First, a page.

As a result, breaches originating in third parties are common and costly – a Ponemon Institute/IBM study found that breaches being caused by a third party was the top factor that amplified the cost of a breach, adding an average of $370,000 to the breach cost.

Concern around the supply chain was also evidenced in a recent report we have just issued, whereby we interviewed 250 CISOs and CIOs from financial institutions about the cybersecurity challenges they face and nearly half (46%) said that cybersecurity weaknesses in the supply chain had the biggest potential to cause the most damage in the next 12 months.

But sharing information with suppliers is essential for the supply chain to function. Most financial services organisations go to great lengths to secure intellectual property, personally identifiable information (PII) and other sensitive data internally, yet when this information is shared across the supply chain, does it get the same robust attention?

Further amplified by COVID-19

Financial service organisations have always been a key target for cyber attacks.  Our research showed that since COVID-19 hit, the risk has elevated further, with 45% of the respondents seeing increased cybersecurity attacks during this period. Likewise, hackers are rejecting frontal assaults on well-defended walls in favour of infiltrating networks via vulnerabilities in suppliers.

But financial services organisations must maintain reputations and ensure customer trust. Firms are keen to demonstrate that they are protecting customer assets, providing an ultra-reliable service and working with trustworthy partners. So, what can they do to better protect their supplier ecosystem?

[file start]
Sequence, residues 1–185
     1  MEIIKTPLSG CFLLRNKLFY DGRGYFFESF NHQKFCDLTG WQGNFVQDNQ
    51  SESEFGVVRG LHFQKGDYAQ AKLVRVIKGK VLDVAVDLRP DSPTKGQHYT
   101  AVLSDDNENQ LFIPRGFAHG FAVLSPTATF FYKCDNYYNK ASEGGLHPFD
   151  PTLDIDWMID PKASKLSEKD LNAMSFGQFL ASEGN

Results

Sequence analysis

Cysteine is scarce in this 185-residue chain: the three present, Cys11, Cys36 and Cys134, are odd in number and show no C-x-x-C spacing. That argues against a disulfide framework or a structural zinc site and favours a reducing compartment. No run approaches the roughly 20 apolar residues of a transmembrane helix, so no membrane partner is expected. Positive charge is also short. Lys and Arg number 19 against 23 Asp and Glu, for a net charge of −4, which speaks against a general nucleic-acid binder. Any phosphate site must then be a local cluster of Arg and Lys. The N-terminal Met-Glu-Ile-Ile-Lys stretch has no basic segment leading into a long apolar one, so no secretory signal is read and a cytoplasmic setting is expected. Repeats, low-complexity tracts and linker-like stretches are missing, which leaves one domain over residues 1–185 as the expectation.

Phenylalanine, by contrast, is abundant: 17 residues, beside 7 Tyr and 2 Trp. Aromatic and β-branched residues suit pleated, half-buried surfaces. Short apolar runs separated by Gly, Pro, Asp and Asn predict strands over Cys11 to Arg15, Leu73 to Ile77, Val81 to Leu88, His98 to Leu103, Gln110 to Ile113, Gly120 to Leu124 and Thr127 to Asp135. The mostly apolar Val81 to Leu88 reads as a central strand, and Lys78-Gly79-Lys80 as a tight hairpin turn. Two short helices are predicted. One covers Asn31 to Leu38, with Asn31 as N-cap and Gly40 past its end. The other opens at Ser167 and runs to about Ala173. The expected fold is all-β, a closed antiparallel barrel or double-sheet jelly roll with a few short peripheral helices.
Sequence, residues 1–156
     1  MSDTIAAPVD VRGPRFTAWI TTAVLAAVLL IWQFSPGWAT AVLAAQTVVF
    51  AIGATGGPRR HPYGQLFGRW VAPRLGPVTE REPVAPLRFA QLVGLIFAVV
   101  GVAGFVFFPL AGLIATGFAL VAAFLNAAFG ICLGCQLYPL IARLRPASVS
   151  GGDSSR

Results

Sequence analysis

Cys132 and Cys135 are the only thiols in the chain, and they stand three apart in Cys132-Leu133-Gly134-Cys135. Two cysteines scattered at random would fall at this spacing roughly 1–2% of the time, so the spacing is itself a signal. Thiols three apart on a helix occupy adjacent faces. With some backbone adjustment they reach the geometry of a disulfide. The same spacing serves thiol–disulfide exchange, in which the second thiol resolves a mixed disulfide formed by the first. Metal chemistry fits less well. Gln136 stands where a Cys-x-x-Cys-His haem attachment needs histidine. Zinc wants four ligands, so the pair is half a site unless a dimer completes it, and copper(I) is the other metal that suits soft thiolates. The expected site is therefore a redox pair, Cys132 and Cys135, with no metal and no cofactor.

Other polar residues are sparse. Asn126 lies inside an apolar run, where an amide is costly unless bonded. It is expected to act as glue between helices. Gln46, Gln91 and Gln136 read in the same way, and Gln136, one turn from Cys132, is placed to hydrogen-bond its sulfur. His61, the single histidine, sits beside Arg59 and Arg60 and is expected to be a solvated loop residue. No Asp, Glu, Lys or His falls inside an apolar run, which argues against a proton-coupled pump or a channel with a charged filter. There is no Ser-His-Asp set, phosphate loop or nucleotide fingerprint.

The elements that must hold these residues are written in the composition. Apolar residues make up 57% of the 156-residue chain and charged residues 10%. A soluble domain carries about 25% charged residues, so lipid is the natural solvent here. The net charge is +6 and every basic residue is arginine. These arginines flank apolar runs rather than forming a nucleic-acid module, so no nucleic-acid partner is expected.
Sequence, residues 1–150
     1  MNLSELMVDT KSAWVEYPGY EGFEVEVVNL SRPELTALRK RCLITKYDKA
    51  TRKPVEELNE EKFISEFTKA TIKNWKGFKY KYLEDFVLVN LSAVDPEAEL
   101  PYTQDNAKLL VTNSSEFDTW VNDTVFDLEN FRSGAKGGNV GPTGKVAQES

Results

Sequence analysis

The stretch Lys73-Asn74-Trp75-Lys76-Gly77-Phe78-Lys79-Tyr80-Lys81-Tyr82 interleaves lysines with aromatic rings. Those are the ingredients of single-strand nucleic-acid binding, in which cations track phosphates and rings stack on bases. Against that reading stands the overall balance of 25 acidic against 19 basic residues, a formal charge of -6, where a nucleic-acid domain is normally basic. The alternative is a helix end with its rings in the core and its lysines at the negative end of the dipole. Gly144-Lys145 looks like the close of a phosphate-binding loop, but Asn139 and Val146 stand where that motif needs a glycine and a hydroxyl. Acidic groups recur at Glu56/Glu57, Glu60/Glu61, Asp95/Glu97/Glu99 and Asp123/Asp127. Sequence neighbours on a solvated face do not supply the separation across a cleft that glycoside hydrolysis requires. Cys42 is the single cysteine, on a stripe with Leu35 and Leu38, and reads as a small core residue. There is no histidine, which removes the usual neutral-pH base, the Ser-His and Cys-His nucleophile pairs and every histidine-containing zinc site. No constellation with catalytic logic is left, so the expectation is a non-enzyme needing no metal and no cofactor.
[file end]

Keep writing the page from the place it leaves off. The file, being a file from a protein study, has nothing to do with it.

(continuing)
At the very least, they need to ensure basic controls are implemented around their suppliers’ IT infrastructure.  For example, they must ensure suppliers maintain a secure infrastructure with a minimum of Cyber Essentials or the equivalent US CIS certification controls. Cyber Essentials defines a set of controls which, when implemented, provide organisations with basic protection from the most prevalent forms of threats, focusing on threats which require low levels of attacker skill, and which are widely available online.

Likewise, they need to ensure good information management controls are in place and this begins with accurate information/data classification. After all, how can you apply appropriate controls to your information unless you know what it is and where it is?

How ISO27001 helps organisations put in place a data classification process

The international standard on information security, ISO27001, describes the basic ingredients for data classification to ensure the data receives the appropriate level of protection in accordance with its importance to the organisation. It comprises three basic elements:

  • Classification of data – in terms of legal requirements, value, criticality and sensitivity to unauthorised disclosure or modification.
  • Labelling of data – an appropriate set of procedures for information labelling should be developed and implemented in accordance with the organisation’s information classification scheme.
  • Handling of assets – procedures for the handling of assets developed and implemented in accordance with the organisation’s information classification scheme.

Adoption of this methodology will help financial services organisations and their supply chain take a more data-centric information security approach. However, there are essentially four key stages for implementing a data risk assurance supply chain approach and these are:

 1. Approval – in organisations with complex supply chains senior management, vendor management, procurement and information security will all need to support a robust risk-based information management approach. Details of previous incidents and their impact alongside the business benefits will be essential to gain stakeholder buy in.